Most children and young people are living in safe and nurturing environments, cared for by their supportive families, carers and communities.
Children and young people are supported by universal services such as GP’s, health visitors, nursery workers and teachers to help them to reach their full potential.
However, some children and families need additional support and at times families experience challenges and difficulties and extra help is needed, sometimes for short periods and for others over a longer period.
In Scotland, support is offered to children, young people and their families or carers within the context of our national approach, Getting it right for every child to ensure help is available when it is needed.
For a few children and young people there can be additional risks that mean there is concerns about their safety and wellbeing. In this situation children and families will need a more intensive level of support and assistance.
Working with families, there are many professionals whose job it is to ensure that children and young people are protected such as social workers, police officers, teachers, health visitors and Children’s Reporters.
All professionals working in children's and adult services have a role and responsibility to ensure all our children and young people are safe and protected.
Communities also have a role to look out for children and young people who they may be worried about and let services such as police or social work know if they have any concerns.
It is everyone’s responsibility to make sure all our children and young people are safe and protected from harm and take action if we are worried or notice something that causes concern. We all need to be curious about the wellbeing of children and young people.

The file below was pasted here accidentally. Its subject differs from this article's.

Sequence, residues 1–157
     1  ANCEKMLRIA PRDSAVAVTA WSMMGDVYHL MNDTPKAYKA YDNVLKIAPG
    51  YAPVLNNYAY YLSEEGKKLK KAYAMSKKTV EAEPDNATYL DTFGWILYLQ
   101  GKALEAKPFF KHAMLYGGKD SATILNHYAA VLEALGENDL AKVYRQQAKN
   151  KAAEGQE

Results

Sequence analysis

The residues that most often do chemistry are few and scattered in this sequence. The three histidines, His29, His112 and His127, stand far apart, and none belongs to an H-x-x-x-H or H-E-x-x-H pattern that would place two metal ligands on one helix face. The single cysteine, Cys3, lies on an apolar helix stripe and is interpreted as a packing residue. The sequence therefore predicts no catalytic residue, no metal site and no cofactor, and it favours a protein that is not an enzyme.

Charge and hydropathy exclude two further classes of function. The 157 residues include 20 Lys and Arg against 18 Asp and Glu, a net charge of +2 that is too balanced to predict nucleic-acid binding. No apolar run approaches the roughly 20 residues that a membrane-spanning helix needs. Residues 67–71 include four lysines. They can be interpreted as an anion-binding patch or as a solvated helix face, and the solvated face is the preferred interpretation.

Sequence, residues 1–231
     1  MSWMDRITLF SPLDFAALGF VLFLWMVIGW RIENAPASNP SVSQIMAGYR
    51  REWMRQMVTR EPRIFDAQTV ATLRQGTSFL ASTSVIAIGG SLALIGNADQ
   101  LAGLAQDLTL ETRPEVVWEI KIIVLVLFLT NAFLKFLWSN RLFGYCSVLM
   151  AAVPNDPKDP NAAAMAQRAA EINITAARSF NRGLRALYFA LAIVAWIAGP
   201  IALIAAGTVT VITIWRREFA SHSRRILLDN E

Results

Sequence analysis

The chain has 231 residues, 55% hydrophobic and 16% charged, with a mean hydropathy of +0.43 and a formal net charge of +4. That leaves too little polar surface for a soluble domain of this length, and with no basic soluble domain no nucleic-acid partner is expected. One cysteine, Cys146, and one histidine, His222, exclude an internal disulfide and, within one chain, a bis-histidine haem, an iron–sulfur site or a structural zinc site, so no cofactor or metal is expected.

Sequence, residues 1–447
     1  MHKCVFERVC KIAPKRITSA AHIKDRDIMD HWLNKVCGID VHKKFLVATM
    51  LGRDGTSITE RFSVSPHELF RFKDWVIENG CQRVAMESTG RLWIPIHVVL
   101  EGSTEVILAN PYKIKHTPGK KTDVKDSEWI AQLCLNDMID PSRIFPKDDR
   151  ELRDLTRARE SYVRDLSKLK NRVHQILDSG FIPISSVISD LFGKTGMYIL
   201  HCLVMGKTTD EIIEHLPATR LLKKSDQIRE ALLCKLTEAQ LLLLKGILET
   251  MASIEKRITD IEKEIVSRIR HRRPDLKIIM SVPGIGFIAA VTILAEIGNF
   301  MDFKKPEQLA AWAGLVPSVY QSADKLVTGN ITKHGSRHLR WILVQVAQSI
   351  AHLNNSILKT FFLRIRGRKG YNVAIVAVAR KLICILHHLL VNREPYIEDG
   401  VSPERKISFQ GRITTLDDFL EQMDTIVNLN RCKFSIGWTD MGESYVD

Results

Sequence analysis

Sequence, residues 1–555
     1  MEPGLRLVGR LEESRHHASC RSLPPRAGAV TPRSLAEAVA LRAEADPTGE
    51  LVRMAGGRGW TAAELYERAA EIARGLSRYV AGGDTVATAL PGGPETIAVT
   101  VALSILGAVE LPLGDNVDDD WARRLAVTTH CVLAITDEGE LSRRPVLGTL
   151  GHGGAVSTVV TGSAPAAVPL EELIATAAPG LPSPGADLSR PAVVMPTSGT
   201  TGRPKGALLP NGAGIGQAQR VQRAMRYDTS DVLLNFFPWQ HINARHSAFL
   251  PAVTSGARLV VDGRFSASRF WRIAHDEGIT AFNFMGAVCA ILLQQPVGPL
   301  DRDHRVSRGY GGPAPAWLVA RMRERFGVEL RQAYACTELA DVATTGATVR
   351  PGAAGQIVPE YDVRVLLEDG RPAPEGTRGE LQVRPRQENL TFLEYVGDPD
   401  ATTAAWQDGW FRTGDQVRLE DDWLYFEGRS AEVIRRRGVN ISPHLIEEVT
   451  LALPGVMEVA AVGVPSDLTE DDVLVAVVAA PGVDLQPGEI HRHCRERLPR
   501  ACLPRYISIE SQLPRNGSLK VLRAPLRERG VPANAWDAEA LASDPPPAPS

Child protection means protecting a child or young person from child abuse or neglect.
Abuse or neglect need not have taken place in order for action to be taken to protect a child or young person; action can be taken when there is a likelihood or risk of significant harm from abuse or neglect whether physical, emotional or sexual.
All forms of child abuse and neglect have an adverse impact on a child or young person’s health and wellbeing. The impact can be immediate, or it can build up over time, leaving children and young people with vulnerabilities and challenges throughout their lives.
This is why it is important to try and prevent child abuse and neglect from happening at all and, where it does occur, why it is best to identify it early and respond quickly to help the child or young person. This will minimise harm both immediately and in the longer term.
When there is a concern that a child or young person might be at risk of significant harm from abuse or neglect, a child protection case conference will take place to allow information about needs, risks and protective factors to be discussed by everyone involved, including family members.
The child protection conference will be informed by a multi-agency child protection assessment which will have taken place to assess the needs and risks in relation to the child and what support might be required to meet these needs and reduce any risks.
If it is agreed at a child protection conference that a child or young person is at risk of significant harm from abuse or neglect, and the family need support from professional services in order to reduce the risk of harm, the child or young person’s name will be placed on the child protection register and they will have a Child Protection Plan which sets out what everyone will do to help.
When a child or young person is placed on the child protection register, the individual risk/concern factors which affect them are recorded and their Child Protection Plan is developed around these.
Everyone involved in supporting the family will meet regularly to make sure that the plan is working and that risk is reducing.
This is called a core group meeting. Once the child or young person is no longer in need of a Child Protection Plan, their name is removed from the child protection register at a review child protection case conference.
The family will still receive support from professional services for as long as this is needed.
The process of responding to child protection concerns in diagrammatic form can be represented in the following way. However, it should be noted that at any stage, the process may be stopped if it is felt emergency measures are required to protect the child or no further response under child protection is necessary.